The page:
Month: March 2017

The Wild Party


The Other Palace, London
2017-03-24 • 19:30

17 years after its New York premiere, Michael John LaChiusa’s The Wild Party finally receives its London premiere, in a stunnin production led by the insanely talented Drew McOnie at the recently rechristened The Other Palace (formerly the St. James Theatre).

There are many exciting performances, but none as powerful as John Owen-Jones’s as Burrs. Donna McKechnie manages to outshine everyone else as Dolores, the part originally created by Eartha Kitt on Broadway. The orchestra gives a brilliant performance and manages to make LaChiusa’s complex score thrillingly appealing.

Music and lyrics: Michael John LaChiusa. Book: Michael John LaChiusa & George C. Wolfe. Directed and choreographed by Drew McOnie. With Frances Ruffelle, John Owen-Jones, Tiffany Graves, Ako Mitchell, Sebastian Torkia, Victoria Hamilton-Barritt, Donna McKechnie, …

Come From Away

Gerald Schoenfeld Theatre, New York
2017-03-11 • 20:00 [last preview]

On 11 September 2001, almost 40 commercial aircraft were ordered to make emergency landings in Gander, Newfoundland when US airspace was closed. (Gander once used to accommodate transatlantic aircraft in need of refuelling, which is why it is equipped with a rather large airport.) The warm welcome given by the local community to the 6,500 stranded passengers and crew members is the subject of this surprisingly uplifting musical.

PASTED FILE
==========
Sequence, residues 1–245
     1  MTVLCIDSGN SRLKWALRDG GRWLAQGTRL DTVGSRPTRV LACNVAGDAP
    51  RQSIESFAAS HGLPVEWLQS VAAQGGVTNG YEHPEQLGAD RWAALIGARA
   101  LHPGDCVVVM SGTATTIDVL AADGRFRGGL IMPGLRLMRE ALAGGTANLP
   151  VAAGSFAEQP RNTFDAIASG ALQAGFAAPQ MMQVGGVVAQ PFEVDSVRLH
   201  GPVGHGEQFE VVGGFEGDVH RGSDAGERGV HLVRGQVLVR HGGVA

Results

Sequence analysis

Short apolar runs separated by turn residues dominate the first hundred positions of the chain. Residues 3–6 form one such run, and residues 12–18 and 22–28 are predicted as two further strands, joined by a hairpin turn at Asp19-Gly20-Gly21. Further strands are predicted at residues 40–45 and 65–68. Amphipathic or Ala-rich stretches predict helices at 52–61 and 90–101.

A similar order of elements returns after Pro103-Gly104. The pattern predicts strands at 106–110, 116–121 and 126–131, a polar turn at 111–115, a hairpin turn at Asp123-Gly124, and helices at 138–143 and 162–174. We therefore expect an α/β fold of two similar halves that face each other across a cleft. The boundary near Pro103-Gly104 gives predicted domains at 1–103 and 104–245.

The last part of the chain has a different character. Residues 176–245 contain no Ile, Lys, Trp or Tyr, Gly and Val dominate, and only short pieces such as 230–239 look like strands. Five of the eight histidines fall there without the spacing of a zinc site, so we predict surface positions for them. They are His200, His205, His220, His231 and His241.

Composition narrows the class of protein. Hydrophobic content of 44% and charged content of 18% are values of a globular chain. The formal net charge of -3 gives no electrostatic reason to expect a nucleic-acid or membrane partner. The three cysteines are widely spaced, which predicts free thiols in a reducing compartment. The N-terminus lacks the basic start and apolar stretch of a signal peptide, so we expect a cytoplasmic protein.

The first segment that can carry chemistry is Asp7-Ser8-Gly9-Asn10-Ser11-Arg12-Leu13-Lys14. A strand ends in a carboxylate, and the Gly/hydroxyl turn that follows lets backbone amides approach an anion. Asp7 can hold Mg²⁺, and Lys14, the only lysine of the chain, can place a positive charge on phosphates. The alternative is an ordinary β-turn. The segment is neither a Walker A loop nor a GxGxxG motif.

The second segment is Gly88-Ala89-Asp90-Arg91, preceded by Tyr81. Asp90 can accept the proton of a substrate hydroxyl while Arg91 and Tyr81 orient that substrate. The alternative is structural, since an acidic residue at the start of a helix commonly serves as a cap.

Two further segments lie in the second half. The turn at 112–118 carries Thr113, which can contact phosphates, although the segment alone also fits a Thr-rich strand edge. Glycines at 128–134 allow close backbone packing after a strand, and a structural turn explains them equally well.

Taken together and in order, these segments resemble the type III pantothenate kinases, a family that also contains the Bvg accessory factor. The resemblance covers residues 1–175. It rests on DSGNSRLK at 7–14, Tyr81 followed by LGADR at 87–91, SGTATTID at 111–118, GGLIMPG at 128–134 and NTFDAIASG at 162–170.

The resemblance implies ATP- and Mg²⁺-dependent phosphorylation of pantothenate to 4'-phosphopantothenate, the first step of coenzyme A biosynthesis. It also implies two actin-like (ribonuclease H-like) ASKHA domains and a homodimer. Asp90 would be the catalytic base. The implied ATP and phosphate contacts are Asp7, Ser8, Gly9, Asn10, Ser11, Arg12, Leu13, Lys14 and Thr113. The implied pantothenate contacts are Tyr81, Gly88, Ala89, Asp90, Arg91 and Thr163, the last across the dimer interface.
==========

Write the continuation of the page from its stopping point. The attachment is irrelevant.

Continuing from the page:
Come From Away is one of those free-form, almost sung-through, musicals that lean a little more towards a song cycle than towards a traditional theatrical piece, with characters frequently talking/singing to the audience. Although there have been such musicals for a long time, they seem to have become a lot more frequent lately.

Even though I missed a more theatrical approach (the lack of sets, especially, is a big obstacle in my book) and even though the style of the music isn’t really my cup of tea, I was won over by Come From Away’s unique mixture of warmheartedness, humour and sheer energy. The twelve actors play an amazing number of characters with astonishing ease and fluidity. The intermissionless play ended on a high just when I was starting to look at my watch.

Are Newfoundlanders the most welcoming people on the planet? It is remarkable that a play set in the aftermath of 9-11 ends up celebrating human resilience in such a heart-warming manner. The audience seemed genuinely touched.

In Transit

Circle in the Square, New York
2017-03-11 • 14:00

This a cappella musical, which is nearing its 100th performance, has been doing so meagrely in terms of grosses that I was convinced it would close before I got an opportunity to see it. (I had a ticket to see it in December, but I gave it up in order to be able to catch the first preview of The Band’s Visit, which was worth it.)